Brazilian Portuguese, much like American English and the various dialects of Spanish spoken throughout the Americas, has changed drastically from its initial “form” and while still mutually intelligible, has really managed to highlight tension. Portugal accusing Brazil of somehow “bastardizing” its language.
Likewise I’ve been hearing for years the way Europeans talk about American English vs British English as though we’re a culture of uncouth savages, redneck cowboys and uneducated louts incapable of “proper speech”.
This leads me to my next point. Linguistic superiority can also be heard within a single language dialect and region in the form of change and tradition, and it’s something that even I have been guilty of from time to time.
Languages are constantly evolving, which is one of the coolest things to watch in my humble opinion. Accepting this fact is essential to understanding your own culture and nowhere is this more evident than the changes brought about by technology in the last 20 years.
But as always, stodgy old people and prescriptivist elitists feel the need to look down upon those who use text speak, emojis or other mutations of existing terms that have managed to bleed through their digital bonds and into mainstream speech. You can read more about that here in an article I wrote called “OMG, Texting Isn’t Ruining English!
Like I said, I could be accused of this as well, and will try to make a concerted effort not to cringe the next time some 18 year old says “bae”.
A language is a language. All languages are equal in their value. Some may seem more globally (and I hate using this term) relevant, but no language is “bad” and no language is inferior to another.
3. Polyglots and linguists and interpreters and translators are not the same thing.
Polyglot is a relatively arbitrary term used to describe someone who speaks fluently several languages. It’s kind of hard to actually determine outright where one goes from being just a regular old, garden variety multilingual and when they level up to “polyglot”. My personal opinion is that it’s 4, but it doesn’t really matter for the purposes of this argument.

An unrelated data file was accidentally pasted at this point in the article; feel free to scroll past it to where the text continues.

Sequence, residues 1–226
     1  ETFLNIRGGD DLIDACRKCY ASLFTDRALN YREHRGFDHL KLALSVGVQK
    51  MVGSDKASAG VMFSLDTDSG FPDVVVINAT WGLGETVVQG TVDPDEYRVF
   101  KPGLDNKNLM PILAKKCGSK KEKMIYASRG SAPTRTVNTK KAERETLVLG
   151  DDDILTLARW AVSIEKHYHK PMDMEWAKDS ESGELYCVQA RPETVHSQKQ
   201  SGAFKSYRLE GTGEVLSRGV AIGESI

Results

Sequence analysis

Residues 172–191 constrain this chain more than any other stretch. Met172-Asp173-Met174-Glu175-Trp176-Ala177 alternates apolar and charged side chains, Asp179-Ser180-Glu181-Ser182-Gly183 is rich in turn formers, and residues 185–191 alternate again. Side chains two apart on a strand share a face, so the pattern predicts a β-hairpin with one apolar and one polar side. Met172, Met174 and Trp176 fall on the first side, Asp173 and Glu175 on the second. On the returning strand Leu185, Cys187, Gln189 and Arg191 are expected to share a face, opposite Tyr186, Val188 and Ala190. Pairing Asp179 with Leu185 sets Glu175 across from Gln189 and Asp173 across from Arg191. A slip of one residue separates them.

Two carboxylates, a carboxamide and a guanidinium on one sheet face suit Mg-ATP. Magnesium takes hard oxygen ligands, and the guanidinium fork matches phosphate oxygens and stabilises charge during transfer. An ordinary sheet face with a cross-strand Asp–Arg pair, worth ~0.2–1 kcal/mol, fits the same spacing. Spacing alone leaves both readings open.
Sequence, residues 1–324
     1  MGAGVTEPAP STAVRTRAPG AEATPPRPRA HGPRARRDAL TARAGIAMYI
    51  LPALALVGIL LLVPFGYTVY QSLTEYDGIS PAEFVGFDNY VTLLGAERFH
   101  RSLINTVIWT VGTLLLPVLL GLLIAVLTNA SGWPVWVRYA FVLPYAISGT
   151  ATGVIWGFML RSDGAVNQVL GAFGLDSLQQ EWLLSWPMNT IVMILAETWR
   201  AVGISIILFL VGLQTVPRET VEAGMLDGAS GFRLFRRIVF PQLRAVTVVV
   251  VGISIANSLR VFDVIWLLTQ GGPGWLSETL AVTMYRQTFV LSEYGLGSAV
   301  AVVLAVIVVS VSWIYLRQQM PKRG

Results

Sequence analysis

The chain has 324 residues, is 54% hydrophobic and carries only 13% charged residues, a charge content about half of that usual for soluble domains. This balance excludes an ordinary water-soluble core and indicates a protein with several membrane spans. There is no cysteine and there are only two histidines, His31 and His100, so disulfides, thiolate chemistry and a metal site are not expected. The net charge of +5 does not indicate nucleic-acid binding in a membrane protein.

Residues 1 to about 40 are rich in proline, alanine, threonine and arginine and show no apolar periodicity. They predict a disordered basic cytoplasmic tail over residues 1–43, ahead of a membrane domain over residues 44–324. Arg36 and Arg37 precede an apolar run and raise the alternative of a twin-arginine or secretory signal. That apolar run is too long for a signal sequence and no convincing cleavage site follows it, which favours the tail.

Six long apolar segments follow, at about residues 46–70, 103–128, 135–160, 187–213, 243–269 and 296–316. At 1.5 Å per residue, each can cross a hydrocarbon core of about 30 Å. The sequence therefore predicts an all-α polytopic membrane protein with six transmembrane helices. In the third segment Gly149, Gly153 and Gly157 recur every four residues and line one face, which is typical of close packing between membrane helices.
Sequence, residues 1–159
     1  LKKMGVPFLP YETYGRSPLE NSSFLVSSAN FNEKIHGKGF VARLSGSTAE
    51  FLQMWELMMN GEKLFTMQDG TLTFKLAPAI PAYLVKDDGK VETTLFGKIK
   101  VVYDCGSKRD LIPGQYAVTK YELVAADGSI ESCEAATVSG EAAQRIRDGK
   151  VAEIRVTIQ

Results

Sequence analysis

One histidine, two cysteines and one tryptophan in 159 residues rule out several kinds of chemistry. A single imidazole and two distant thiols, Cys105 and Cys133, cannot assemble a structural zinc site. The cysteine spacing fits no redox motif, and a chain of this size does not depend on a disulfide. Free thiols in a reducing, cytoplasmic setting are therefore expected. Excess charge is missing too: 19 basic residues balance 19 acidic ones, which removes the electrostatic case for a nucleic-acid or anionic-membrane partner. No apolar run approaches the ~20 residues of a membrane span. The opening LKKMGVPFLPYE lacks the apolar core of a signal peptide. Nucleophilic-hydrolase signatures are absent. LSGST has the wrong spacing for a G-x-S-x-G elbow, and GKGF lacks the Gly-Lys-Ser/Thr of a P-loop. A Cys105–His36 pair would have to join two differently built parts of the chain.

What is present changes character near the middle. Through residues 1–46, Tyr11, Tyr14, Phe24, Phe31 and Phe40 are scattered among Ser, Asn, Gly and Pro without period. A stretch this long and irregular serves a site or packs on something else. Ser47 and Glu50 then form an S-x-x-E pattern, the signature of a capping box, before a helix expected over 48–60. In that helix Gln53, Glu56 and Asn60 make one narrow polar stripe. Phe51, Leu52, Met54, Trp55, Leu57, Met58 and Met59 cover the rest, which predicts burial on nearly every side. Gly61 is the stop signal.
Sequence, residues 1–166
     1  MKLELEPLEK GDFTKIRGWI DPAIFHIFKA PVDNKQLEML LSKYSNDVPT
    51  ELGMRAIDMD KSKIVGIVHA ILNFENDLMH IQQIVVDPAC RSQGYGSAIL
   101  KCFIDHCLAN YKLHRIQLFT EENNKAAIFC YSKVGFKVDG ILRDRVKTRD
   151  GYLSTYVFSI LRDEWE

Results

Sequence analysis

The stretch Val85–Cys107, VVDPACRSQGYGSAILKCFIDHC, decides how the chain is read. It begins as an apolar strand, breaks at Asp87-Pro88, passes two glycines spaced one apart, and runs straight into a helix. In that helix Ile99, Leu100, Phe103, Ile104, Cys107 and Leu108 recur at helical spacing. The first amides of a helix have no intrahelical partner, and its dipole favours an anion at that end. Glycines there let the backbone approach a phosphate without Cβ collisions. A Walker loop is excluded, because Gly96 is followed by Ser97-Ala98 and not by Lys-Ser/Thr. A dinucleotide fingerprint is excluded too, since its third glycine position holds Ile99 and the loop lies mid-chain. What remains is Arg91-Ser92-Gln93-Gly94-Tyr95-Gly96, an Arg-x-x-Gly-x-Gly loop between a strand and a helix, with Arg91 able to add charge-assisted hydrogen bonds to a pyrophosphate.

A linguist on the other hand is a scientist who studies every aspect of language but may not actually speak more than one. While it is common that linguists are also polyglots, or at least multilingual, it’s definitely not a prerequisite. It’s the difference between being a sports analyst and an actual athlete, and while yes, these analysts do often have first hand experience as players, they are not required to be.
Linguists in particular seem to be the most bothered by this oft failed distinction, taking some degree of offense by being lumped in with their “less academically inclined” counterparts.
Similarly, interpreters and translators are also not the same thing but are so frequently lumped together.
While some translators are also interpreters I would argue that the majority of them are not.
The easiest way to remember the distinction is to recognize that interpreters handle spoken language and translators handle written language. A translator will translate your documents from one language into another. They’ll make sure books are available across languages and generally deal with things that involve the written word. They are usually quite fluent in the language(s) that they translate between and are probably very skilled speakers, and yes, sometimes they are also interpreters,
Interpreters are the people you think of when you see the UN in movies or when you see soldiers in a foreign country interacting with the natives through a third person. Interpreters deal primarily with the spoken word which, believe it or not, requires a different skill set to do properly. Interpreters are sometimes said to have a harder job because they don’t have the luxury of taking the time they need to research a difficult word or idiom and they have to deal directly and immediately with various dialects of their target language.
It really just boils down to knowing your damn vocabulary. Know the difference, and stop saying this stupid thing.